The question is how that hardware upgrade will be delivered for a customer, with speculation that it could be carried out at the end of a vehicle lease, during a major service or as part of a subscription package. Here, too, Harman is working on a number of solutions for the pricing of software upgrades or the unlocking of hardware.
BMW came in for criticism over the idea that drivers will have to pay to unlock heated seats, but Prommersberger says it’s something consumers will have to get used to. He compares it to a smartphone, which comes as standard with certain features but customers are used to paying extra to download apps or features to tailor the phone to the way they want it. Many will argue that it’s not quite the same when paying tens of thousands of pounds for a car, but it does seem to be the direction things are moving in.
Then there’s the matter of how distracting all this technology is, and while safety is often about the physical structure of a car or its driver assistance features, it’s also increasingly about what Eric Theisinger of Harman refers to as “mind on road”.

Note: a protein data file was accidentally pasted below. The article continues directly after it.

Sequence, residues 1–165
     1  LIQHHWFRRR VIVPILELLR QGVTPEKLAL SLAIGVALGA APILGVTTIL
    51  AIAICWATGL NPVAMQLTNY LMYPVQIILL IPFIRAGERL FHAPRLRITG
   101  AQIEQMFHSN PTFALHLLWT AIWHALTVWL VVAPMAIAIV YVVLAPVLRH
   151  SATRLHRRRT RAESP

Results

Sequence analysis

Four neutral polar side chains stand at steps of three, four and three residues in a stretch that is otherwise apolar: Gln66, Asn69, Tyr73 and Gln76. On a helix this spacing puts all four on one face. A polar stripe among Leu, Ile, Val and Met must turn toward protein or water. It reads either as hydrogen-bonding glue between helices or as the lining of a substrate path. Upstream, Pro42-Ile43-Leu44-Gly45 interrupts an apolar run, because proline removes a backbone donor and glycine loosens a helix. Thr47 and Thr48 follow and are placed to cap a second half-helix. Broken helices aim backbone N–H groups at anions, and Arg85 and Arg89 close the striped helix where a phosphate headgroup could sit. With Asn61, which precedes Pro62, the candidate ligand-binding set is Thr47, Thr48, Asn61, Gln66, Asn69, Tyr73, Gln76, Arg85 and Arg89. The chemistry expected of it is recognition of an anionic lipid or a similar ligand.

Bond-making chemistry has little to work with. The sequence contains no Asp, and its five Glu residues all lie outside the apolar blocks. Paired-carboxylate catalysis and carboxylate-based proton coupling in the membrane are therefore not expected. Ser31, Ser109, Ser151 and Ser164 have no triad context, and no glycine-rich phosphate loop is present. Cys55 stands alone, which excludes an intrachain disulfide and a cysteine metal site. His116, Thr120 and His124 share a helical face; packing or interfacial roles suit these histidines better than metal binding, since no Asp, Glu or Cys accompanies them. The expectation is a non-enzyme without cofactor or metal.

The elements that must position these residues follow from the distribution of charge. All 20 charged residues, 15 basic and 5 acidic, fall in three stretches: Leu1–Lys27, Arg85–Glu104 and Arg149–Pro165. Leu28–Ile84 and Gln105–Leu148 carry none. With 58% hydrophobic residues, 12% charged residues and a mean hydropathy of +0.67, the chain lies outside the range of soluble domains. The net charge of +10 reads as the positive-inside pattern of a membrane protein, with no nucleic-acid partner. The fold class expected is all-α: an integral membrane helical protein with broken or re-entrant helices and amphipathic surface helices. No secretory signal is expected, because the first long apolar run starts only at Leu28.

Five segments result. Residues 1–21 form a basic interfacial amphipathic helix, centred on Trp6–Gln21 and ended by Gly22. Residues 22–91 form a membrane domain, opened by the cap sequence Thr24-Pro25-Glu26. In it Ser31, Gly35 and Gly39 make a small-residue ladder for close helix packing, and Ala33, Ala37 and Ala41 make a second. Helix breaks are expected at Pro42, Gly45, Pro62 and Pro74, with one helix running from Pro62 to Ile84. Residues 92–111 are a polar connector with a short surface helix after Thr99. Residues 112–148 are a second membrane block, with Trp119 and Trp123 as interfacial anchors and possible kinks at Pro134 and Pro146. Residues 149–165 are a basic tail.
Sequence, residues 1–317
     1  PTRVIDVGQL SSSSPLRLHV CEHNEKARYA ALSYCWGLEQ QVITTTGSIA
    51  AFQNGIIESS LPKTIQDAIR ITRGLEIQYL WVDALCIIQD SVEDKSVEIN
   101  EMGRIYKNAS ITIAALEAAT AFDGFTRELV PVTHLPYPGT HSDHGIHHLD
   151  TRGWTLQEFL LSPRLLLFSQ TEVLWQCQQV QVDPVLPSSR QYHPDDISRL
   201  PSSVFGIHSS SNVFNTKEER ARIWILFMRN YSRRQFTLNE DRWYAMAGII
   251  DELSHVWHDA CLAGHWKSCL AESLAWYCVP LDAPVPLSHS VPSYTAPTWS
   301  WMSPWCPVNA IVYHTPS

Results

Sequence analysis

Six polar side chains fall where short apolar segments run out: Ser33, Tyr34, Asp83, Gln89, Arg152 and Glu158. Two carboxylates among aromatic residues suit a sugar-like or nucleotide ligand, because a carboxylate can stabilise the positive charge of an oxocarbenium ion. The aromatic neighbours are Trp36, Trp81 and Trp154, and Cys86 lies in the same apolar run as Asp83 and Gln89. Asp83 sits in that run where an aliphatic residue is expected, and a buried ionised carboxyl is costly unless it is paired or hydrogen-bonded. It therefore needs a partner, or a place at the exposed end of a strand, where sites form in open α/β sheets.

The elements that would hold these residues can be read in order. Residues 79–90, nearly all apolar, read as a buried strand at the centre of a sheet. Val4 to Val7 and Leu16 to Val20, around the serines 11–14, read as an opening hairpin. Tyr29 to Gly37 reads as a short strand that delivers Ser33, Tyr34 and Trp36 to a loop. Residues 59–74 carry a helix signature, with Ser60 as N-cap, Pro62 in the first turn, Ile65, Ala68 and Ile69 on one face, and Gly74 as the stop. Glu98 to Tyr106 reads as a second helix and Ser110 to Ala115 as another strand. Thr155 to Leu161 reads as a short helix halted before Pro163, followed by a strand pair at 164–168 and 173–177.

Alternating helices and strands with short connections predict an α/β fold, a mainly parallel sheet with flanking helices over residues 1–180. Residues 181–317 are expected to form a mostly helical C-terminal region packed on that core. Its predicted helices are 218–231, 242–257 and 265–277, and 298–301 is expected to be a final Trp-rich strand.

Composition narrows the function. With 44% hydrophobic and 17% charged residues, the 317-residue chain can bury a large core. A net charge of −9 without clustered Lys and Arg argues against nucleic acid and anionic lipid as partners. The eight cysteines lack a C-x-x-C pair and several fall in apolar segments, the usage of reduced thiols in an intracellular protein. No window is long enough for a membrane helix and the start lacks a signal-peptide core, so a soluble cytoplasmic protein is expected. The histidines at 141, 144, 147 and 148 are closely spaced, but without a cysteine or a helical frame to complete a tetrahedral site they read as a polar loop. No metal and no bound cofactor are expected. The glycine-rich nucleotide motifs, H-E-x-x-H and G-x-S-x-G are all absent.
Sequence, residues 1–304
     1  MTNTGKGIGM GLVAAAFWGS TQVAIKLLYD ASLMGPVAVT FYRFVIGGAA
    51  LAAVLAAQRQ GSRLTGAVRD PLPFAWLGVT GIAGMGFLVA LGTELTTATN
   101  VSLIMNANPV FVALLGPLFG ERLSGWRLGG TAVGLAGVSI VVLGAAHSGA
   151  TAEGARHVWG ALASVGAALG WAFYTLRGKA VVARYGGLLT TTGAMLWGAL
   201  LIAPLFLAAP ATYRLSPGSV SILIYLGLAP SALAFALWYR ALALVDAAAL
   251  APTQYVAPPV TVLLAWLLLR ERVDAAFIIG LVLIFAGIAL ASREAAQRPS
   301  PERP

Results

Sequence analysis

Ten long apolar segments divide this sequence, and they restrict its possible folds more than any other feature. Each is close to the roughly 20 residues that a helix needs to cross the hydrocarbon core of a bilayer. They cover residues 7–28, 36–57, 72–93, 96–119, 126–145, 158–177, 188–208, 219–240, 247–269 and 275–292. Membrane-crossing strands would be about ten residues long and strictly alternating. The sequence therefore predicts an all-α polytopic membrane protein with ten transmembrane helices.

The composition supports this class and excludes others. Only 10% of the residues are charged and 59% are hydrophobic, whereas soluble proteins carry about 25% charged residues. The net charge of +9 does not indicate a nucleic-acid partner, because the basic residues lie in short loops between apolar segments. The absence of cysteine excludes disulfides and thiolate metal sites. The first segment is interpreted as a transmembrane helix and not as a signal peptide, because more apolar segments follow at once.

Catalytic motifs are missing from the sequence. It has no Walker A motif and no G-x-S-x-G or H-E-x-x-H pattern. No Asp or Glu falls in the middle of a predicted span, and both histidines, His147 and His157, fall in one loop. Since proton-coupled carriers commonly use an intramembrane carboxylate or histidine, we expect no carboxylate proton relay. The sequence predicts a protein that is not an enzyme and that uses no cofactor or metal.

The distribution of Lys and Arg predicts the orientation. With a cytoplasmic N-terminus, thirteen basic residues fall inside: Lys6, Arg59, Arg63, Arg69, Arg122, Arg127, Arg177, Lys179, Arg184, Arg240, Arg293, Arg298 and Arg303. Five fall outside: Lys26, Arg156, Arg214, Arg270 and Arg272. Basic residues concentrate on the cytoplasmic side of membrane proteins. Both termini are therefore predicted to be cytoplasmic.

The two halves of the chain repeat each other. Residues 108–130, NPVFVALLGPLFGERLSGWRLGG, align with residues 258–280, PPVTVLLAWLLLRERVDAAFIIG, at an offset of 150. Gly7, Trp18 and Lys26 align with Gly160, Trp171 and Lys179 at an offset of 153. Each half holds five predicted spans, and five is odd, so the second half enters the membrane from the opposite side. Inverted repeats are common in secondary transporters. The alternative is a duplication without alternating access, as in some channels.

To try to keep a driver focused, he and his team have developed Ready Care, a suite of hardware and software that observes visual, cognitive and vital signs to tailor its intervention as needed. A simple infrared camera in the system monitors the driver’s heartbeat while another makes sure their face is alert and their eyes are focused on the road ahead. It’s a simple system to fit, with the potential to be installed not just by the car companies in new models but also perhaps at the request of insurance companies for new drivers.
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